Meet A Burnt Part Boy – Jace LeGarde!

photoWe’ve recently begun rehearsals for the Northland premiere of THE BURNT PART BOYS, opening August 8th (and brought to you in part by the fine folks at Visit Duluth and Kevin O’Brien Realty)!


This fantastic musical is brand-new to the region, and much of our stellar cast is brand-new to Renegade. So, we’ve been spending some blog time in the weeks leading up to the show giving you a chance to meet the cast.


Next up is another local talent making his Renegade Theater debut – Jace LeGarde!


Tell us about yourself:


I am going to be a junior at Hermantown High School next year. Some of my favorite roles include, Ritchie in 13 The Musical (Duluth Playhouse), one of the Patsy Chefs/Gangsters in The Drowsy Chapersone (Hermantown), Laurie in Little Woman (Duluth Playhouse), and Jay in Lost in Yonkers (Hermantown). I couldn’t be more excited to be making my Renegade debut with this amazing show!


What drew you to this show?


I have worked with Peter before in 13 the Musical and Les Miserables, and wanted to expanded my horizons. So, when I heard he was directing this show at Renegade, I decided it would be perfect time to do that! Also, like other people in the cast, I was drawn to its uniqueness, specifically the music. I am looking forward to playing the role of “Dusty,” best friend to Pete.


Anything you’d like our readers to know?

Just because the show isn’t very well known doesn’t mean that it doesn’t have an incredible story. I think this show will touch many people, if not every single person that comes to see it. I’ve really enjoyed trying to get into the head of the goofball that is Dusty. I look forward to “digging” a little deeper each day.

Meet A Burnt Part Boy – Bryce Crandall!

photoWe’ve recently begun rehearsals for the Northland premiere of THE BURNT PART BOYS, opening August 8th (and brought to you in part by the fine folks at Visit Duluth and Kevin O’Brien Realty)!


This fantastic musical is brand-new to the region, and much of our stellar cast is brand-new to Renegade. So, we’ve been spending some blog time in the weeks leading up to the show giving you a chance to meet the cast.


Next up is another local talent making his Renegade Theater debut – Bryce Crandall!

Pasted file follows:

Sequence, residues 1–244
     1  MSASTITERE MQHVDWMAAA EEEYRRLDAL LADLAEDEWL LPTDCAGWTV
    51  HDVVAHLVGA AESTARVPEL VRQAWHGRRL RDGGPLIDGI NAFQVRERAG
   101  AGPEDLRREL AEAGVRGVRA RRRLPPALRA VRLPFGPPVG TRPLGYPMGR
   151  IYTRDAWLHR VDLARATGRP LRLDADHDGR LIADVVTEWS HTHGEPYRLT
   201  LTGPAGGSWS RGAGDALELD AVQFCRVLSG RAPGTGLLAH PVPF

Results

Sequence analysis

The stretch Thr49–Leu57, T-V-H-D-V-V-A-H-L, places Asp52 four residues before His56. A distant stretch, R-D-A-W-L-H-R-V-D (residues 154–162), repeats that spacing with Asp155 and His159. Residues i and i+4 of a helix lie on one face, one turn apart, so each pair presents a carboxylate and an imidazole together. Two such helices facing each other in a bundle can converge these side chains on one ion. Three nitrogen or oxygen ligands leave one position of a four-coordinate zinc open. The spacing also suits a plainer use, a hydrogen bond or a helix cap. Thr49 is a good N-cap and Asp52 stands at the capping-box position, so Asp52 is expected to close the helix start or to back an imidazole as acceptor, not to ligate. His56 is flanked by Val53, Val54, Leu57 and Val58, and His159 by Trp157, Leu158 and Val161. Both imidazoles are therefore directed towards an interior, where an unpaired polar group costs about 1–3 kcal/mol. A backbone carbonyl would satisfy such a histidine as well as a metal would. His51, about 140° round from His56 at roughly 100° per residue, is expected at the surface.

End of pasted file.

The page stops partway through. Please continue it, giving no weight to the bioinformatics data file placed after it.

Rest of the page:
How did you get involved in theater?


I have lived in Duluth my whole life.  Recently, I graduated from Duluth East High School. In elementary school, I was first introduced to the theater while watching rehearsals of Pippi Longstocking, a production at the local middle school. Theater became my passion in high school with my first production, Clue the Musical.  It was then that I decided that theater was going to play a principal role in my life.  Some of my favorite roles and productions include, Brett in 13, the Musical and Thenardier in Les Miserables, both at the Duluth Playhouse.  I also enjoyed the challenge of playing Matt in The Fantastics at the Duluth Playground.  However, the most rewarding theatrical experience I have had to date was last summer when I attended Northwestern Theatre Institute as a “Cherub.”  After a seven-week intensive theatrical experience, I knew theater was where I belonged.  I am very excited to attend The University of the Arts in Philadelphia this fall pursuing my BFA degree in Musical Theatre.


What drew you to The Burnt Part Boys?


I was instantly drawn to The Burnt Part Boys because it’s a new contemporary piece of theater. It has a different sound to it. There are not too many Bluegrass musicals out there.  Along with great music, the story and message are simple and heartfelt. The great part about this show is that it is good for any age. It does not just appeal to one type of audience.  I was really excited to be given the opportunity to play the role of Pete, Jake’s brother, because his outlook on life is honest, and like me, he has a lot to learn.  I also love the true relationships he has with his best friend Dusty and his older brother Jake.  This is a key message of this story.


Anything else you’d like our readers to know?


I’m really excited to be in my first show at Renegade Theater.  It’s even better that it just happens to be The Burnt Part Boys! We have such an awesome team to work with. It always amazes me when a small theater space can be transformed time after time!  I’m just glad I can say I’m a part of one of these times! Thank you to all the people that make shows like The Burnt Part Boys and Renegade Theater possible in our community!

Meet A Burnt Part Boy – Jayson Speters!

Jake PhotoWe’ve recently begun rehearsals for the Northland premiere of THE BURNT PART BOYS, opening August 8th (and brought to you in part by the fine folks at Visit Duluth and Kevin O’Brien Realty)!


This fantastic musical is brand-new to the region, and much of our stellar cast is brand-new to Renegade. So, we thought we’d spend some blog time in the weeks leading up to the show giving you a chance to meet the cast.


First up is Jayson Speters!


Tell us a little about you.


I moved to Duluth two years ago from Salt Lake City, Utah where I was born and raised. It was in Utah, at the age of 15 that I was first introduced to the theatre and I haven’t been able to stay away since. Some of my favorite credits from Utah include Danny Zuko in Grease and Corny Collins in a regional production of Hairspray. Since attending UMD I’ve been fortunate to learn through many great roles including Jason in Medea, Father O’Reilly in Do Black Patent Leather Shoes Really Reflect Up?, and Danny in Kerrigan and Lowdermilk’s Tales from the Bad Years. It was in UMD’s Tales from the Bad Years that I was given the opportunity to work side by side with the show’s creators; the nationally recognized and award-winning song-writing team of Kait Kerrigan and Brian Lowdermilk. That production and experience affirmed my decision to move to Minnesota and is one I will never forget.